You might imagine that Marblehead Harbormaster Mark Souza spends his August workdays on the water, enjoying the summer sun and sea breezes.
“We don’t just drive around,” Souza said. “We’re monitoring the radios, responding to emergency calls and maintaining gangways and docks. We’re very hands on.”
“We’re carpenters, plumbers, firefighters, ambulance drivers,” he added. “We wear a lot of hats.”
Souza manages the 1,800 moorings in Marblehead Harbor and another 1,200 on the Marblehead side of Salem Harbor. He is in charge of the 20-year-long wait list for moorings in Marblehead Harbor, which has the third highest demand for moorings in the state behind Barnstable and Hyannis. (The mooring wait list for the Salem side is three years.)
At any given time, about 2,000 people are on the Marbehead Harbor mooring wait list. Typically, about 30 moorings become available each year, and it’s Souza’s job to distribute them.
“I try to be super fair,” he said.
Souza also runs what’s called a “transient system” where people can rent a mooring or space along a dock in town for up to 10 days. (Check out https://dockwa.com/.) Chartered yachts often take advantage of transient spaces.
“That brings more people into town, and that means for money for the town,” he said.
The harbormaster’s office collects about $80,000 in transient fees every year.
Other, larger yachts sometimes drop anchor just outside of Marblehead Harbor, which they can do for free.
“I heard Billy Joel was out there a few years ago,” Souza said.
‘We never know what we’re getting into’
Souza has a year-round staff of three, but in the summer he hires another 10 to 15 people. His team responds to about 100 emergency calls every summer. Nearly every call goes through him first.
“An average call might be, ‘My engine died, and I’m drifting near rocks,’” he said. “We’ll tow them to safety.”
Some calls can be life or death.
“A year ago, we had a diver in danger,” Souza said. “He had an oxygen issue. He was passed out in the water by Children’s Island. We pulled him on board and performed medical aid on our boat. We never know what we’re getting into.”
The diver survived.
In another rescue, Souza’s team responded when a lobster boat capsized, and the captain ended up in the water.
“His boat sank, and he swam to the rocks near Tinker’s Island. The water was very cold.”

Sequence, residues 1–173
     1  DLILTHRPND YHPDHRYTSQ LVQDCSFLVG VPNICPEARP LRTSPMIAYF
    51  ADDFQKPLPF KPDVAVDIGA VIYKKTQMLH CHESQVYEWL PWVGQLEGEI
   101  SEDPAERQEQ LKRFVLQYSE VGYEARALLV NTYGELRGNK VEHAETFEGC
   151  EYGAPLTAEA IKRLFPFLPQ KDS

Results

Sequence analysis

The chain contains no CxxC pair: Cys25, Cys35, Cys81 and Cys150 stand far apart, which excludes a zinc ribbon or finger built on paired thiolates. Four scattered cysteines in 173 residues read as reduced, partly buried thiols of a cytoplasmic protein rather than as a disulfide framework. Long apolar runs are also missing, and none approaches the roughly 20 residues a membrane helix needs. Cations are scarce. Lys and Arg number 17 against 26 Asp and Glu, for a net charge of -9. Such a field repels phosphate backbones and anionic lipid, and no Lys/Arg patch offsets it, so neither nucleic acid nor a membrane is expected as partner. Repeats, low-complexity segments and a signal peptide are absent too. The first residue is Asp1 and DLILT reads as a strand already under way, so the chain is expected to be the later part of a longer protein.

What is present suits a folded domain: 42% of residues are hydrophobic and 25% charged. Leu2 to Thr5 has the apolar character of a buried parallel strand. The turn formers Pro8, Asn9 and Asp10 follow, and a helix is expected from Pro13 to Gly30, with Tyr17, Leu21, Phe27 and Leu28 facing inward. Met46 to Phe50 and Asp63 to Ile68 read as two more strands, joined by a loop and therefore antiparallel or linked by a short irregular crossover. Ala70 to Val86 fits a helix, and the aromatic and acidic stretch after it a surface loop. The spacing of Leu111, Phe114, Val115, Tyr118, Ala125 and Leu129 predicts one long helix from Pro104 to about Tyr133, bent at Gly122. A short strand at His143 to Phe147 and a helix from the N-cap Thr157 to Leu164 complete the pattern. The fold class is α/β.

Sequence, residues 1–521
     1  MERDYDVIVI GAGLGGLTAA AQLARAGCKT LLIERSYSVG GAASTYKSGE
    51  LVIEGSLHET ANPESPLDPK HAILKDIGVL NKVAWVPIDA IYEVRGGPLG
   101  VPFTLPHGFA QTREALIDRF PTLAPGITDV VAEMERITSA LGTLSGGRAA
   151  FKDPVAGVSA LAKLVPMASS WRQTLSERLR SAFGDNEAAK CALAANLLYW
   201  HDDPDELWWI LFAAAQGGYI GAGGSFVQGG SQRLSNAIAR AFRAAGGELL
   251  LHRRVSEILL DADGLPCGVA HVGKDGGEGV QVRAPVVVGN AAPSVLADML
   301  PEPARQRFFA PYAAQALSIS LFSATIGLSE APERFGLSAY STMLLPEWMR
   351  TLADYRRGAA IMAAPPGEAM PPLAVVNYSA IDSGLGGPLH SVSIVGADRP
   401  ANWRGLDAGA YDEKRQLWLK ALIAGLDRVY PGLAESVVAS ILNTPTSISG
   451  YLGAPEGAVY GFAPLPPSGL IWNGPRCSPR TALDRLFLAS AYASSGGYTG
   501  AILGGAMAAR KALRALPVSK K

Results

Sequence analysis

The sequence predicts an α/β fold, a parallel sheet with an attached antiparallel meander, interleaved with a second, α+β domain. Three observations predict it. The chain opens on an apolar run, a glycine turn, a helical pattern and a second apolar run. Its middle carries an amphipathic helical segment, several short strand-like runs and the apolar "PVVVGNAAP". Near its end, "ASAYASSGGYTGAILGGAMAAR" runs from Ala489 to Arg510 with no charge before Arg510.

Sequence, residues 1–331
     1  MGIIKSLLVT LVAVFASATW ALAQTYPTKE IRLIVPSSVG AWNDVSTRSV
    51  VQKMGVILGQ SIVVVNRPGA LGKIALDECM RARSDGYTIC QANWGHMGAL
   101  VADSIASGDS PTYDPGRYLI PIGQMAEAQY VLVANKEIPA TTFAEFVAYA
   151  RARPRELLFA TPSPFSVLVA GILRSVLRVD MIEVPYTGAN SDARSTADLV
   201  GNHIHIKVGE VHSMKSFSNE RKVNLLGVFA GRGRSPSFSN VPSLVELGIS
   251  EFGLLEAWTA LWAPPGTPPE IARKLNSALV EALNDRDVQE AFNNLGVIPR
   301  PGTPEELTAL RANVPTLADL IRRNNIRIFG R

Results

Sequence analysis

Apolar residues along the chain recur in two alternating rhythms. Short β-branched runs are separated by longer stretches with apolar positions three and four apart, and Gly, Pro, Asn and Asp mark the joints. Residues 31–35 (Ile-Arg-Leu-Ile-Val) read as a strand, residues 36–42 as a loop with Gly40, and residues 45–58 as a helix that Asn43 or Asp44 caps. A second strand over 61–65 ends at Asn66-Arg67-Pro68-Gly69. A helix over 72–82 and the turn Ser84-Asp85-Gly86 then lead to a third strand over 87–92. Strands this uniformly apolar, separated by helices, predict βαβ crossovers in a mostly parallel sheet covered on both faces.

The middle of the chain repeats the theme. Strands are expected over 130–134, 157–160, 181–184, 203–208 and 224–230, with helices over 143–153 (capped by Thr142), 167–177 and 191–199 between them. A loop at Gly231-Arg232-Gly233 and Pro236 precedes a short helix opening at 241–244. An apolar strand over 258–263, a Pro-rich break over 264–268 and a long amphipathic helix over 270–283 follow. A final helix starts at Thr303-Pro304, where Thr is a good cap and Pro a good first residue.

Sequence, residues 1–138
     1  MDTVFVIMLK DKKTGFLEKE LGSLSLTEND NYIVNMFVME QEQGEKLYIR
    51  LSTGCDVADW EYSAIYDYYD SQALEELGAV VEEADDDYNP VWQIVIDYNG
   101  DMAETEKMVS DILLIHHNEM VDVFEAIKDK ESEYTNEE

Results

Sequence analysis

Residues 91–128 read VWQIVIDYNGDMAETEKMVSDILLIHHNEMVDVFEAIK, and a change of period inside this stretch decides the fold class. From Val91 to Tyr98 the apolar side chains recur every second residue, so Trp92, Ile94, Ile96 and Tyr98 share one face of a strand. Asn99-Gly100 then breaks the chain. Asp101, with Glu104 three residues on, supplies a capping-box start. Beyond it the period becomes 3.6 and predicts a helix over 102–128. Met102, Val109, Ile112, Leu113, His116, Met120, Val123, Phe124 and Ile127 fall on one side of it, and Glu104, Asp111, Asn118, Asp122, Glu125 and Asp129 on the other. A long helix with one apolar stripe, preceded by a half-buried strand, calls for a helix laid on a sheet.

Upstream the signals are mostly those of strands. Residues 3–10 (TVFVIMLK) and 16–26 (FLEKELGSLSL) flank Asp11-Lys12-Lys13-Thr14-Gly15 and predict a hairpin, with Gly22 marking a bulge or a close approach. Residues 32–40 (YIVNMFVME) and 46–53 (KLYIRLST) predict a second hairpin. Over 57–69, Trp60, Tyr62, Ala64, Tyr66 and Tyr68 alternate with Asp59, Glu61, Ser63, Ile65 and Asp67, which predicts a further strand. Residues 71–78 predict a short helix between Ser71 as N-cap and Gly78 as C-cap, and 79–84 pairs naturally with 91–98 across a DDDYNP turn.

Over the Fourth of July weekend this year, they had to break up a party with too many boats tied together near Brown’s Island.
“There was underage drinking, too,” he said.
The harbormaster’s office is also responsible for all public docks in town, including those at Cliff Street, Commercial Street, Parker’s Boat Yard, Tucker’s Wharf, State Street Landing, Little Harbor, Stramski’s, Village Street and Crocker Park.
“That’s a lot of maintenance, and we do all repairs in-house,” he said.
The winter is actually the hardest time of the year, according to Souza.
“That’s when we really get our hands dirty, maintaining docks, painting the bottoms of boats,” he said. “It’s physically harder than the summer months.”
Souza also creates his budget, which comes entirely from money received by his department. He researches and writes grant applications, too, raising about $100,000 since he took over. Recent grants include $50,000 to refurbish the State Street Landing restrooms and $12,000 to install fillet tables, swim ladders and signage at public docks. He’s hoping to win a grant for a new boat, too.
Souza grew up in Tewksbury, where he still lives with his wife. As a kid, he spent summers on lakes in New Hampshire.
“I’m a water bug,” he laughed.
Before working on the water, he was a buyer for ATP Ski Associates, where he learned the importance of customer service, which comes in handy now. Then he went to the police academy and worked in the New Hampshire State Marine Patrol for a few years.
Before coming to Marblehead in 2017, he worked as Beverly’s assistant harbormaster for 11 years.
Souza feels at home here in Marblehead. He realizes how special it is to manage a harbor as famous as this one. It is the birthplace of the American Navy, and with six yacht clubs, Marblehead has been called the yachting capital of the world.
“I am not sure that it still holds that title, but I feel it should,” Souza said. “We have won Boater Choice awards from Marinas.com in 2019 and 2020.”
He added, “It’s pretty cool. I’m very proud of where I work.”